Sligo Iron Store Co. Buildings, 1301 N. Sixth St. (4/21/10)

Lately known as McGuire Moving & Storage

The  Sligo Iron Store Co. complex is located just north of downtown St. Louis, Missouri on a triangular shaped parcel of land bordered on the south by O’Fallon Street, on the west by N. 7th Street, and on the north and east by Interstate 70 (formerly N 6th Street). Constructed primarily between 1902 to c. 1940, the Sligo Iron Store Co. complex is comprised of five buildings, four of which are contributing. The contributing buildings include all buildings historically associated with Sligo: five-story Main Office and Warehouse (1906), two-story Garage (1903 with 1923 alterations) and its one-story addition (c. 1940), two-story Machine Shop (1902 with c. 1917 alterations), and the five-story 7th Street Warehouse (1911). While constructed over a 40-year period, the contributing buildings share a common vocabulary of building materials and represent the prototypical construction techniques common in the early 20′ century. In 1959, a 2-story functionally unrelated Sporting Goods Factory was constructed to the north and that building was subsequently incorporated into the Sligo parcel. The Sporting Goods Factory is non-contributing due to its date and its construction for a functionally unrelated use.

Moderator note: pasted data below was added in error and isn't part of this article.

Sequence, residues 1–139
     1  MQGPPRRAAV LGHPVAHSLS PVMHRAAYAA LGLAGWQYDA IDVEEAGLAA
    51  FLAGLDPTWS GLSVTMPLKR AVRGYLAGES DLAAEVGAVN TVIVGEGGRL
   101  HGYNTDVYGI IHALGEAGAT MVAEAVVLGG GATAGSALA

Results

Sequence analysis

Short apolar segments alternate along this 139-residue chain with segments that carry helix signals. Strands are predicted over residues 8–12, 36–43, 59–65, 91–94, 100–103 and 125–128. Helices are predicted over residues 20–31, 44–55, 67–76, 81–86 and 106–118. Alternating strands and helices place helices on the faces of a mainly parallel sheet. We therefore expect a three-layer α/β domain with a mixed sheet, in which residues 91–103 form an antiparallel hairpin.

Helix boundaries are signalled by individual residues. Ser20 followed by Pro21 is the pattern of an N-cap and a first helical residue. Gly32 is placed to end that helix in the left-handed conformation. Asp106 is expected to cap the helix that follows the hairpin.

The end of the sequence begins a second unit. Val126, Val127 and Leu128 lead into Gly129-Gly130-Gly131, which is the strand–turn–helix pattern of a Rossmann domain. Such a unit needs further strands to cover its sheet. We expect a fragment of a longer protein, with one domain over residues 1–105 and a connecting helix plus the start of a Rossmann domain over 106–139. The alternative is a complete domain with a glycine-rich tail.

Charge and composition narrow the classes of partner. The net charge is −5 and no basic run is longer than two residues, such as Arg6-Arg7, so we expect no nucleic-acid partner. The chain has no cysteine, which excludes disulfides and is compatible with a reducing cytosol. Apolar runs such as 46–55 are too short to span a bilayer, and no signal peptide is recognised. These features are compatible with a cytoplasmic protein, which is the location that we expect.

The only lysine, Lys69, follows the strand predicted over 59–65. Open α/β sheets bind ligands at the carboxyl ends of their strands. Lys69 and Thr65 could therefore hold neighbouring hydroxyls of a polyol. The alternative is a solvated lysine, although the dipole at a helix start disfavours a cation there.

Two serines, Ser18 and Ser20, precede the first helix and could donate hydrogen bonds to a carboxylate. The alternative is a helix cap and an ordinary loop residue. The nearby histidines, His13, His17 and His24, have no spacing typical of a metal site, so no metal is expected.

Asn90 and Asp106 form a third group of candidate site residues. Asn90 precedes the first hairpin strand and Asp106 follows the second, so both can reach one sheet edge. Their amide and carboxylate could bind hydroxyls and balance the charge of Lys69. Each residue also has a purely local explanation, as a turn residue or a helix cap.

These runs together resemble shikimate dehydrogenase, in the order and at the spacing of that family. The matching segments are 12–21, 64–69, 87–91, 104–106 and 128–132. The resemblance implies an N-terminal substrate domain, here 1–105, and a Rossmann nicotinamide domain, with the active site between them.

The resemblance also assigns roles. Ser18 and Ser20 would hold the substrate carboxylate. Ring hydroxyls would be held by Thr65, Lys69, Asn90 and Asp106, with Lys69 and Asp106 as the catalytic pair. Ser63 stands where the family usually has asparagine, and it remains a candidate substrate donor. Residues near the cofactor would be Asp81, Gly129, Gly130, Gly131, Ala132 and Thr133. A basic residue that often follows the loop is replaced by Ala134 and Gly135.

Cass Bank and Trust Co., 1450 N. 13th St. (2/14/11)

July 2012

Constructed in 1927, the Cass Bank and Trust Building at 1450 N. 13th Street, St. Louis (Independent City), is a two-story Neo-Classical Revival style building sheathed in smooth limestone with a granite veneer base. On the primary (west) façade, monumentality is clearly emphasized by a dominating colonnade of eight squared Tuscan columns supporting a minimally embellished entablature. Recessed between the columns are large metal nine-light windows. Centered in the colonnade is a slightly projecting entrance topped by a cornice and elaborate crown featuring stylized stone eagles. The entablature consists of a plain architrave, frieze with bas relief medallions and a cornice lined with cylindrical guttae. The colonnade is flanked by two slightly projecting end blocks with tripartite division. The base contains three centrally grouped metal windows with a large twelve-light metal window in the shaft. The entablature is similar to that in the colonnade but with a more decorative frieze. In 1964, the bank constructed a raised concrete and brick addition for offices and drive-thru lanes. The upper two stories have inset bands of tall, narrow windows set in limestone surrounds. Though the addition is a modern design, the building’s two primary decorative elevations and the interior banking hall with its elaborately chamfered ceiling, classical plaster relief work and its colossal Corinthian columns are essentially unaltered since its date of construction.

Future posts will expand on each of these four.

— Steve Patterson

 

Advertisement



FACEBOOK POSTS

Archives

Categories

Advertisement


Subscribe